Insight Presentation: "What Wearables Mean For Marketers"
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Insight Presentation: "What Wearables Mean For Marketers"

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Insight Presentation: "What Wearables Mean For Marketers" Insight Presentation: "What Wearables Mean For Marketers" Presentation Transcript

  • What Wearables Mean For Marketers Sarah Rotman Epps, Senior Analyst Forrester Research October 22, 2013 @srepps
  • • What's hype and what's reality when it comes to wearables? • Where are wearables going next? • What do wearables mean for marketers?
  • MYTH #1: “WEARABLES ARE MAINSTREAM NOW.”
  • Reality: Wearables are still niche US online adults that currently wear a device to: Track performance in a specific sport: Track sleep quality: 5% 6% Track daily activity: 5% Get feedback on posture: 3% Base: 4,657 US online adults. Source: Forrester’s North American Technographics Consumer Technology Survey, Q1 2013
  • Percentage of US online adults willing to wear a sensor device from a brand they trust, offering a service that interests them: Base: 4,673 US online adults 18+ Source: Forrester’s North American Technographics Consumer Technology Survey, 2013
  • MYTH #2: “WEARABLES ARE GREAT FOR HEALTH TRACKING, BUT NOT MUCH ELSE.”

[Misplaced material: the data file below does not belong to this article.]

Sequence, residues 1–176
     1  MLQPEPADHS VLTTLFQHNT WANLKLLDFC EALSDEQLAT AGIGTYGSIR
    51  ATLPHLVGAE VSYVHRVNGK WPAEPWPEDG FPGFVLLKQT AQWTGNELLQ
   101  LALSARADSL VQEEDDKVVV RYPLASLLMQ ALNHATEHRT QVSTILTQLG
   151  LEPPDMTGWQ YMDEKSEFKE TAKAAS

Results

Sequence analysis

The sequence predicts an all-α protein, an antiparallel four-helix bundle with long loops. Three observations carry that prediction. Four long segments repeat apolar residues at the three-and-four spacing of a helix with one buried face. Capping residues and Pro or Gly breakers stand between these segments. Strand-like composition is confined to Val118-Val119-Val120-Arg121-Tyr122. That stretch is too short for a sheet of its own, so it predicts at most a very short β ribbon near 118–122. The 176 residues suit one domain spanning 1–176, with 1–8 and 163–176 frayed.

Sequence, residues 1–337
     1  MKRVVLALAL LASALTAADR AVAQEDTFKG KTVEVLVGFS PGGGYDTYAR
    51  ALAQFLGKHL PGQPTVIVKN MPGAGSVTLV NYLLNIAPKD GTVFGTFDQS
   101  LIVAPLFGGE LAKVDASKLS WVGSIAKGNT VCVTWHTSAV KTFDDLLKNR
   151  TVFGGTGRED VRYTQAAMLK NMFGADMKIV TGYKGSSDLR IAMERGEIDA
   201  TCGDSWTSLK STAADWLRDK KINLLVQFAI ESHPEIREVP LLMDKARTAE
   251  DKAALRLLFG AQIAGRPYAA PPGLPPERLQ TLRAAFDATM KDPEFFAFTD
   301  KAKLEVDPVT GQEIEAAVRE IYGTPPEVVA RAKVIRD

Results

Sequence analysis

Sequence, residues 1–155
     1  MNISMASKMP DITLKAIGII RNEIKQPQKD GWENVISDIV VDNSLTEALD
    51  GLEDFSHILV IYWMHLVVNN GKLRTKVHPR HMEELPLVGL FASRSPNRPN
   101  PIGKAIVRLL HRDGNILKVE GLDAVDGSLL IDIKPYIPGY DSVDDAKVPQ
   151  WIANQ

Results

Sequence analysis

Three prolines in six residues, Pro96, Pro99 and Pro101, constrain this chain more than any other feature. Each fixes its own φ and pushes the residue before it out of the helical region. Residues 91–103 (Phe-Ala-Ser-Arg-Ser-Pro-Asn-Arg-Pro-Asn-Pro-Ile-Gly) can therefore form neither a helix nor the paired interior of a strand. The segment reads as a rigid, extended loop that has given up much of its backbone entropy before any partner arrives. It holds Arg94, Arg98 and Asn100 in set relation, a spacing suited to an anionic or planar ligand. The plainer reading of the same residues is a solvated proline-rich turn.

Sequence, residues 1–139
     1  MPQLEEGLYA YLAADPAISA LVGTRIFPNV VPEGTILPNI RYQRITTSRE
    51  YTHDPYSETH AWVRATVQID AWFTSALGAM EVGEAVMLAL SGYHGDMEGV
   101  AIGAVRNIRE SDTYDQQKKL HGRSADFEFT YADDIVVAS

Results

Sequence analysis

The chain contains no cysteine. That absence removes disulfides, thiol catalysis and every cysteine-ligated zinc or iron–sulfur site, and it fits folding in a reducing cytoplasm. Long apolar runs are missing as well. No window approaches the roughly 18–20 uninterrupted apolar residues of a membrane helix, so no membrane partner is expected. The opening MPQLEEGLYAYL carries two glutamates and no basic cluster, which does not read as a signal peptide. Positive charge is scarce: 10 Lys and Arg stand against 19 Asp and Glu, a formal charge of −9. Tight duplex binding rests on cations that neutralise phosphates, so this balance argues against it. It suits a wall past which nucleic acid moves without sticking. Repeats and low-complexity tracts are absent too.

• Reality: Consumers are interested in varied sensor scenarios US online adults that are interested in using a sensor device to: Get media recommendations based on your mood: 30% Track your child’s Unlock your car or house so you don’t have to carry keys: 44% activity: 29%
  • MYTH #3: “SMARTWATCHES WILL BE THE NEXT BIG THING.”
  • Reality: Smartwatches are over-hyped › Smartwatches have been around for more than a decade › Watches are a declining form factor, and smart ones do too much and too little at the same time › Pebble shows the flaws of associating Kickstarter success with broader appeal › Samsung’s Galaxy Gear will have few takers › But…a solid product from Apple could sell tens of millions © 2013 Forrester Research, Inc. Reproduction Prohibited 10
  • Where wearables go wrong Hierarchy of needs for wearables Not a need-to-have Aesthetic inflexibility Chart fatigue Limited battery; faulty hardware © 2013 Forrester Research, Inc. Reproduction Prohibited 11
  • As we solve these problems, wearable adoption will grow—how much is disputed © 2013 Forrester Research, Inc. Reproduction Prohibited 12
  • WHERE WILL WEARABLES GO NEXT?
  • More form factors Jennifer Darmour (@electricfoxy) © 2013 Forrester Research, Inc. Reproduction Prohibited 14
  • More use cases •Identity validation •Payments •Personal safety •Insurance © 2013 Forrester Research, Inc. Reproduction Prohibited •Productivity •Media interaction •Social networking •Navigation 15
  • More integration Jawbone UP app partners © 2013 Forrester Research, Inc. Reproduction Prohibited 16
  • WHAT DOES IT MEAN FOR YOU?
  • For marketers, wearables mean: • Data • Intimacy • Responsibility
  • Consumers want to interact with brands on (some) wearables, but they want utility, not advertising © 2013 Forrester Research, Inc. Reproduction Prohibited 19
  • What marketers should do now • Educate • Experiment • Partner
  • Sarah Rotman Epps srotman@forrester.com www.linkedin.com/in/srotman THANK YOU @srepps www.forrester.com